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Rice row threatens ASEAN-South Korea free-trade deal

Rice row threatens ASEAN-South Korea free-trade deal



A row over Asia’s staple food, rice, is threatening to scuttle a proposed free-trade deal between the Association of Southeast Asian Nations (ASEAN) and South Korea, which wants to protect the key sector from tariff cuts.

Talks hit a snag when Thailand gave notice it would not join the pact as long as it excluded rice from the list of goods facing tariff cuts, according to senior officials preparing for regional summits here next week.

Thailand is the world’s biggest rice exporter, followed by Vietnam.

Under the proposed Free Trade Agreement (FTA), South Korea and ASEAN’s six more advanced countries — Brunei, Indonesia, Malaysia, the Philippines, Singapore and Thailand — would abolish tariffs on 80 percent of traded goods by January 1, 2009.

ASEAN’s less developed members — Cambodia, Laos, Myanmar, and Vietnam — would comply by 2017.

The proposed accord specifies that South Korea and each ASEAN country may choose 40 items that can be excluded from tariff reductions, provided the exclusion list does not exceed three percent of total trade.

A senior Southeast Asian trade official told AFP that rice is an "emotional issue" for Asia, the world’s biggest producer and consumer of the commodity.

"In my mind these are all national prerogatives. The beauty of it is Thailand is not saying ’I will smash this deal.’ Thailand is saying ’help me to get on board the deal.’ That’s why we support them," the official said.

Farmers in South Korea typically depend on rice for about half their income, which is well below that of their urban peers. Annually, the government buys up one third of the rice crop as growers produce more than the Asian tiger economy needs.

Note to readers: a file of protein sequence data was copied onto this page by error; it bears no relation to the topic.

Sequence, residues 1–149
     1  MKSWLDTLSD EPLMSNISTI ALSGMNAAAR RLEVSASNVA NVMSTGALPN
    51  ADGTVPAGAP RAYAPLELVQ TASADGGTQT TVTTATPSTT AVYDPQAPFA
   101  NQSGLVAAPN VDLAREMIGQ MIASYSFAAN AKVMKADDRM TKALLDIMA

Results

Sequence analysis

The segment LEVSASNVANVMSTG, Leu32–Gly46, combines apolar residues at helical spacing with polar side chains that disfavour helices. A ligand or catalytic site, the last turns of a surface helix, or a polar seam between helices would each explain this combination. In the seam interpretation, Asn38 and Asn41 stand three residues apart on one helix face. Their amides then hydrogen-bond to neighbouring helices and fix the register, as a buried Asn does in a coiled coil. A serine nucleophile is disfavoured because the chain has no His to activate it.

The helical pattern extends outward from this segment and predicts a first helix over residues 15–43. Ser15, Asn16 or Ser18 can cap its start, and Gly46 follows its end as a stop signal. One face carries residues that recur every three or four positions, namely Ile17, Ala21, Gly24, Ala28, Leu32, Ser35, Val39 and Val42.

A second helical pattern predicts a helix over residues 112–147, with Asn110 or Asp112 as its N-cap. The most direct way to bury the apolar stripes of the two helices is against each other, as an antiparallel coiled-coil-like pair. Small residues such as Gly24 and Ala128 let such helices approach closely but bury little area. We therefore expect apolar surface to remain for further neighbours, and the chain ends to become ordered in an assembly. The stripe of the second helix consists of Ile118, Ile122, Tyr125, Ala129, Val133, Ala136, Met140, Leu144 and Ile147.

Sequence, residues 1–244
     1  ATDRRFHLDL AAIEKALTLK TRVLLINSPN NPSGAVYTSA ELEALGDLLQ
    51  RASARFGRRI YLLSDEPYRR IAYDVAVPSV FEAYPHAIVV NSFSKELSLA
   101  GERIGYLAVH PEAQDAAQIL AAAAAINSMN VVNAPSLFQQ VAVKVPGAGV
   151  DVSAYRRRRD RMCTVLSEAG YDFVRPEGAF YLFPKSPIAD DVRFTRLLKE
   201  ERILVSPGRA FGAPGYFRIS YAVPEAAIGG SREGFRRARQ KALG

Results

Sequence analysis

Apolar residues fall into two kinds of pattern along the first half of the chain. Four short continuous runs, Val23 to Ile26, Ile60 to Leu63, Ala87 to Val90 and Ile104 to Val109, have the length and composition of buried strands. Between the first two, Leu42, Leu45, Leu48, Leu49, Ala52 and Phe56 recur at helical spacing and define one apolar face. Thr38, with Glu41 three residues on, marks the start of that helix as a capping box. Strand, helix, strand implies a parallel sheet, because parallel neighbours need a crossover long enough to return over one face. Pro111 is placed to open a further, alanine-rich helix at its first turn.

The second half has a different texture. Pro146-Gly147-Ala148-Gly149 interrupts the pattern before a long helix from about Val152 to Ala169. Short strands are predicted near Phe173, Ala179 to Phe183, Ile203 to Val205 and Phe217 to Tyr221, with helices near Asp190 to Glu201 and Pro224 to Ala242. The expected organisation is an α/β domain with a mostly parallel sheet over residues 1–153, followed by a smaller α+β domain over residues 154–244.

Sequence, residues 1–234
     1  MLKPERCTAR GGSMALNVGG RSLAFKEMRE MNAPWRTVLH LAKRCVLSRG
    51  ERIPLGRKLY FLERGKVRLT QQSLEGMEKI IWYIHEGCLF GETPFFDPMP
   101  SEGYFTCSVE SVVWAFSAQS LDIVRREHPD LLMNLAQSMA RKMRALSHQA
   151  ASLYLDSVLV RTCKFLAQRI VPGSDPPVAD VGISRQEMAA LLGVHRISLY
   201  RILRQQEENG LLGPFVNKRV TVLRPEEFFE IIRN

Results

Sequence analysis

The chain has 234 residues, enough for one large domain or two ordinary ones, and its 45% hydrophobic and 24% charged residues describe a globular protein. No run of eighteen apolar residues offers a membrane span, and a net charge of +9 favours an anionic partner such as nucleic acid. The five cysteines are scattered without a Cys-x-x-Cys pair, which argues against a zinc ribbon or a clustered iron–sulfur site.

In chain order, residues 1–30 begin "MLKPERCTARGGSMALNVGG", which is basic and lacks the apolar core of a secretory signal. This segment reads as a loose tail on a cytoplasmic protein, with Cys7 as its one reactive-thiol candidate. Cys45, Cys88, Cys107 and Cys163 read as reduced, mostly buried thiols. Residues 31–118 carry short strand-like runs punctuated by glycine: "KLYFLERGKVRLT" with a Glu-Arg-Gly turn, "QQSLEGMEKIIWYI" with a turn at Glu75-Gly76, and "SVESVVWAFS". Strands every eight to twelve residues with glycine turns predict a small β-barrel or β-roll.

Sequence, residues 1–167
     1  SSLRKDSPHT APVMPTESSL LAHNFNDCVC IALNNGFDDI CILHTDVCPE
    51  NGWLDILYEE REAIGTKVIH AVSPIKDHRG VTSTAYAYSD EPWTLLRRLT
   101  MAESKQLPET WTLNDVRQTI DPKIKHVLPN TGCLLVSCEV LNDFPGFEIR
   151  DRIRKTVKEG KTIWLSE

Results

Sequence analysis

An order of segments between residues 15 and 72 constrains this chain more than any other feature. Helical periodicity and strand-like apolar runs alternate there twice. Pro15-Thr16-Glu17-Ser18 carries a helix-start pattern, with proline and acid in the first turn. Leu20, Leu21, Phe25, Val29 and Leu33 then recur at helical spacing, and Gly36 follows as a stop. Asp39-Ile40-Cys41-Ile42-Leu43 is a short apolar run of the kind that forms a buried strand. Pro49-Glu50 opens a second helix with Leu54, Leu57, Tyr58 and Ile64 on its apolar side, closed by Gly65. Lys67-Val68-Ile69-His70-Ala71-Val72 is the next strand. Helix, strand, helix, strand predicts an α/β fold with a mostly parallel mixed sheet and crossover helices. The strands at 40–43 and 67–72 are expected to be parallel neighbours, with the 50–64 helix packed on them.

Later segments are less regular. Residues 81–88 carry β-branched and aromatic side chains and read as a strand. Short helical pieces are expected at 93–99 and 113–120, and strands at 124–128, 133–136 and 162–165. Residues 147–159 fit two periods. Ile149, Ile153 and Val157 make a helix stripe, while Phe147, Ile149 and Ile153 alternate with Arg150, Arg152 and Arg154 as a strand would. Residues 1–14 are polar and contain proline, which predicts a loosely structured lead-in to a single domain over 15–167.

Thailand reportedly told South Korea it wanted concessions if Seoul stood firm in protecting its rice market.

"Thailand is saying: ’If we let you protect your rice market, give us some concessions,’" said the trade official, who asked not to be named. "That is where the arm-wrestling is. I’ve heard it’s still hard-bargaining."

He said Vietnam had also raised the same problem with South Korea, but this had been settled when Seoul granted some concessions on industrial goods.

"In other words, Vietnam said, ’can you give me something in return so I can pacify my constituents’ ... I think they’re done already."

Lee Tae-ho, deputy director general of South Korea’s FTA bureau, said however that it was unlikely Seoul would change its position.

"We are trying our best. They (ASEAN) have their own concerns, we have our own concerns," he told reporters. "It is up to the negotiators to reach an agreement at the final stage."

Lee said the South Korean trade minister will meet with his Southeast Asian counterparts ahead of the ASEAN and East Asian summits being held from December 12-14 in Malaysia.

ASEAN Secretary General Ong Keng Yong said the regional block was behind Thailand.

"We understand the strong reasons why Korea is doing this. But we also hope to persuade the Koreans to find some ways to give substantive character to the free trade agreement," he said.

"How can we have a free trade agreement when so many things are excluded? The important thing is that both sides are quite positive in trying to find a solution."

Bounsom Phommavihane, director general for Economic Affairs Department of the Laotian foreign ministry, said Thailand had asked for Singapore’s help in talks with South Korea to hammer out a compromise.

"ASEAN countries are mostly rice-producing nations so we have to be careful when we negotiate. Rice is important for us," he said.

ASEAN is also negotiating region-wide FTAs with China, Japan and India which all have large farm sectors.

 source: AFP